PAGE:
J. Brisbin

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Exposing AS/400 Service Programs via RabbitMQ and Java

with 2 comments

One of the things we’ve been doing more and more at my day job (I work at the world’s largest Pizza Hut franchisee, NPC International) is integrating the work we’re doing in Java with the folks over on the RPG and AS/400 side of things (I don’t care what IBM chooses to call it this year; to me it will always be the AS/400, and that’s what I call it). The integration goes both ways: from RPG into Java and from Java back into RPG. In order to reduce complexity and implement a hillbilly version of Don’t Repeat Yourself, we’ve decided to expose the functionality locked inside our service program functions to other code, including Java and C++. To do that, we’re dispatching messages through the RabbitMQ message broker.

I realize there’s no one way to do this. My way may not even be the best (I suspect its not). But I’d like to outline one way to expose RPG service programs to code written in other languages by wiring the two together with asynchronous messaging.

The RPG Side

Unfortunately, DRY can’t be completely eliminated on the RPG side of things. That’s just not the RPG way. 🙂 If you have a service program that exports a function like so (maybe this header is called CALIB/CA9050H):

D get_example_value...
D                 PR            15P 5
D  company                       3P 0 VALUE
D  store_number                  5P 0 VALUE
D  bus_date                      8P 0 VALUE

…you can’t just wrap a Java native method around that service program and go. The problem is in the way the export works inside the service program that implements this function. In CALIB/CA9050SRV, if you wanted to expose this function to other RPG code, you simply provide your export line like normal:

P get_example_value...
P                 B                   export
D get_example_value...
D                 PI            15P 5
D  company                       3P 0 VALUE
D  store_number                  5P 0 VALUE
D  bus_date                      8P 0 VALUE

d sql_cmd         s           1028a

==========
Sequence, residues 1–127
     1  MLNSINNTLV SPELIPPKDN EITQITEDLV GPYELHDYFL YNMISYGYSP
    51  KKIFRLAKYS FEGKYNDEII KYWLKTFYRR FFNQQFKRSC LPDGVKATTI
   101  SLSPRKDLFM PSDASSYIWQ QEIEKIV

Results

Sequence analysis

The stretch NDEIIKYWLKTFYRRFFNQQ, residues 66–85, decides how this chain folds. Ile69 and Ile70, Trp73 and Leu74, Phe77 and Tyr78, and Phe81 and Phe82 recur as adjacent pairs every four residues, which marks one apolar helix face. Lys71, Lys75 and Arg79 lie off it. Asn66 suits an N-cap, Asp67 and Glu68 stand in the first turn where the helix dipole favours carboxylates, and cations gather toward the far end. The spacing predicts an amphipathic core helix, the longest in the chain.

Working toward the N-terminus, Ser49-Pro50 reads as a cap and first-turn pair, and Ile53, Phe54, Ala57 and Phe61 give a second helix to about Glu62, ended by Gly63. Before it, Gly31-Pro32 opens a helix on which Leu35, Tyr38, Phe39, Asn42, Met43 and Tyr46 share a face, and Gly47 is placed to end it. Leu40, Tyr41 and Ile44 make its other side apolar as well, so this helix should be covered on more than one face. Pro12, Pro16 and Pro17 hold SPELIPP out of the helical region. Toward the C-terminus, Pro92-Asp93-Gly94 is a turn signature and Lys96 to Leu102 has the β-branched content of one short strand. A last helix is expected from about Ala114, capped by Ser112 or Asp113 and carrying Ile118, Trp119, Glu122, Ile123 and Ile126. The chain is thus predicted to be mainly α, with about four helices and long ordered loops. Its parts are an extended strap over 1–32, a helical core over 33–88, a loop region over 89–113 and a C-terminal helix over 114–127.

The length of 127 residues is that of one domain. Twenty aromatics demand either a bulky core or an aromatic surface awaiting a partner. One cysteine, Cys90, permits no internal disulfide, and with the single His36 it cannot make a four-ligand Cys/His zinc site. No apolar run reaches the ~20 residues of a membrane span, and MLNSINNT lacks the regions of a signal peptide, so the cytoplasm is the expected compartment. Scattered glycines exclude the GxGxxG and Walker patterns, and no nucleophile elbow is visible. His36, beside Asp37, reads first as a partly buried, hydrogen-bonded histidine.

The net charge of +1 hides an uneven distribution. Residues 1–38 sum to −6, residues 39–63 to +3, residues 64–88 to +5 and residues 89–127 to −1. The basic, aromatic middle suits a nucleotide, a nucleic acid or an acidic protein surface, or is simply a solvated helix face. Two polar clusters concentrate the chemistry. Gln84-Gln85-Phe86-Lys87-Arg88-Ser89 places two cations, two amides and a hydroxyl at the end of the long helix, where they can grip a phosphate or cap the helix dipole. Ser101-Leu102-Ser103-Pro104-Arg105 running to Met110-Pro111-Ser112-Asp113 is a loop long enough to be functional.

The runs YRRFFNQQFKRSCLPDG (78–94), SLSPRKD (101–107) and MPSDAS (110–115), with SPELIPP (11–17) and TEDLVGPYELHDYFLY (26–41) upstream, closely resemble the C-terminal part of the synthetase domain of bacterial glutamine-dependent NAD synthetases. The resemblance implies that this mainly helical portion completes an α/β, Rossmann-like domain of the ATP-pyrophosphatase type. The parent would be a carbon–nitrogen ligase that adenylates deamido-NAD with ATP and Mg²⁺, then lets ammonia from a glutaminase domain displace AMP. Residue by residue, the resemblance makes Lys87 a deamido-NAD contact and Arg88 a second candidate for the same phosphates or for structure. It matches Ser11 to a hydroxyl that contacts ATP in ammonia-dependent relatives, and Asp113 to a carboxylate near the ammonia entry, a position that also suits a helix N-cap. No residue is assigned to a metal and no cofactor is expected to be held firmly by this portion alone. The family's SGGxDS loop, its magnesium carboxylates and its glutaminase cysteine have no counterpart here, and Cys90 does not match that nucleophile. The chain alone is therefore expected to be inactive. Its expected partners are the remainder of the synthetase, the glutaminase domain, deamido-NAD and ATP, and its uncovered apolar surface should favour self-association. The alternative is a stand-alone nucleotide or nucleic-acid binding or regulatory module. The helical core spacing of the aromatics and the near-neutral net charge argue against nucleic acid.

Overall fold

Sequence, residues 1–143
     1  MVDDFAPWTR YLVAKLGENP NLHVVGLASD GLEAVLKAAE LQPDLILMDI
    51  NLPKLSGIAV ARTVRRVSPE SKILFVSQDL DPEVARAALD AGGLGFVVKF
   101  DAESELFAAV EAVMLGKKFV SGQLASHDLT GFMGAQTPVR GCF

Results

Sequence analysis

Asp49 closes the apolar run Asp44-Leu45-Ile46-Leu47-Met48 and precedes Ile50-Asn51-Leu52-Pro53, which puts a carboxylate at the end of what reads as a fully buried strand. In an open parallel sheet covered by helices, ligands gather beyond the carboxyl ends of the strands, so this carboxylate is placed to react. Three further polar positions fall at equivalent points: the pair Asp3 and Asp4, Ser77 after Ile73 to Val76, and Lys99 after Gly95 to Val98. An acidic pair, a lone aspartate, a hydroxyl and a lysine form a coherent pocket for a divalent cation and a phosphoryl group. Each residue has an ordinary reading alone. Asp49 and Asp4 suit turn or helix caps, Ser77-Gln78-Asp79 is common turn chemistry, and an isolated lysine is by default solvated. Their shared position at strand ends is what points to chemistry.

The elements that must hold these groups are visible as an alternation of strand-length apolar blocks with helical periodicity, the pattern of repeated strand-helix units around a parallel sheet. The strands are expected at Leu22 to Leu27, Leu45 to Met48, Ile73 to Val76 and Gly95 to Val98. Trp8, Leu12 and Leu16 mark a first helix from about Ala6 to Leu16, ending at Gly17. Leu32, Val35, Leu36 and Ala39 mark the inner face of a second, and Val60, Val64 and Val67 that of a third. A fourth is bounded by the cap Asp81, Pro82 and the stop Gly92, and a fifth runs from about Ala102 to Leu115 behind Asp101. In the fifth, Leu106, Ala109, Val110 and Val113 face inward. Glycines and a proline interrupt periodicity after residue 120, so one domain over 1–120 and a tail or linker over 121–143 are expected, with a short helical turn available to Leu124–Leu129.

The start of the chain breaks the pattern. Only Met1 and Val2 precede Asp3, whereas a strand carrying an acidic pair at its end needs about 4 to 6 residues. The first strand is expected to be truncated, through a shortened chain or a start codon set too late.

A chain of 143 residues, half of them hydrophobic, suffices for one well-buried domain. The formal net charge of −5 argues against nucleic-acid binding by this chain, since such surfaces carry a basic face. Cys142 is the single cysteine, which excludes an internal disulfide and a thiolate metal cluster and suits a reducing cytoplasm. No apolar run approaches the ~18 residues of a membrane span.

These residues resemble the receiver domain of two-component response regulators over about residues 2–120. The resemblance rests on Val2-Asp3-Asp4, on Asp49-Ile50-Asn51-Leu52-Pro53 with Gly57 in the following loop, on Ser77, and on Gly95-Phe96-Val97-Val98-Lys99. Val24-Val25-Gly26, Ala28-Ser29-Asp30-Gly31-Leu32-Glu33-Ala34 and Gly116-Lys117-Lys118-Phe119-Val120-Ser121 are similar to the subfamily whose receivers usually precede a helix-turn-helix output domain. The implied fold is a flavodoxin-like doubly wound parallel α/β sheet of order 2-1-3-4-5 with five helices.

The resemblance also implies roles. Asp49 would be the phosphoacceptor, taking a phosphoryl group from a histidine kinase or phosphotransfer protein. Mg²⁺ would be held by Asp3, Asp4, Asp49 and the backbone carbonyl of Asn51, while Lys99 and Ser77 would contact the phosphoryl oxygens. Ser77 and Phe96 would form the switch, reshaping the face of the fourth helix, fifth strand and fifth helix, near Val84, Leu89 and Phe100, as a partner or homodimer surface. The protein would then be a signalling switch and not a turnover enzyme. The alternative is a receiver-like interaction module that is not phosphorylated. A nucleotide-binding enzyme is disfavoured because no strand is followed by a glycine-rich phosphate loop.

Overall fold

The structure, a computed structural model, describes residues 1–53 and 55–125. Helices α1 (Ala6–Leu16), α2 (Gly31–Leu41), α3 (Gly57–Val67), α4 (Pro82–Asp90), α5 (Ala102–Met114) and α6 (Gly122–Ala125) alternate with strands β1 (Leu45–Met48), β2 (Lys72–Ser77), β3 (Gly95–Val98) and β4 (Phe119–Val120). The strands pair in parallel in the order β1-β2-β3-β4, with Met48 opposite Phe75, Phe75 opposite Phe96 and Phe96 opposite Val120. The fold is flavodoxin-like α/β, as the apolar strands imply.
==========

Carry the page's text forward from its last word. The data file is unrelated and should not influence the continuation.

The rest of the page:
sql_cmd = 'SELECT exval FROM MYLIB.MYFILE ' +

…and implement your function. But to call this function from Java (by declaring a “native” method in your Java class) you need a different header definition. I’ve not found a way to export the same function two different ways, so I had to create a parallel service program (CALIB/CA9050JSRV) that makes my function callable from Java (this header file would be CALIB/CA9050JH), and in the process, rename the function to something more Java-centric rather than the C++-influenced lowercase and underscores:

D getExampleValue...
D                 PR             8F   ExtProc(*JAVA:
D                                      'com.npci.cloud.iseries.+
D                                       CALIB.CA9050JSRV':
D                                      'getExampleValue')
D  company                      10I 0 VALUE
D  store_number                 10I 0 VALUE
D  bus_date                     10I 0 VALUE

Now I can implement my service program, EXPORTing it for use by Java by mapping this native ILE function to a Java class (here’s the full member, CALIB/CA9050JSRV):

P getExampleValue...
P                 B                   EXPORT
D getExampleValue...
D                 PI             8F
D  company                      10I 0 VALUE
D  store_number                 10I 0 VALUE
D  bus_date                     10I 0 VALUE
D rate            S             15P 5
   rate = get_example_value(
     company : store_number : bus_date
   return rate;
P getExampleValue...
P                 E

All this does is delegate the actual logic to the original CALIB/CA9050SRV function, which can be used by RPG code, while this service program can be used by Java.

The Java Side

Now all that’s left is to implement our Java class, declaring a native method that ties that class to this service program. This is an example which includes some extra features I’ve written to make working with service programs easier:

public class CA9050JSRV extends ServiceProgram {

  @Procedure(srvpgm = "CA9050JSRV", name = "getexample")
  public native float getExampleValue(int cono, int stono, int busdate);

  @Procedure(srvpgm = "", name = "test")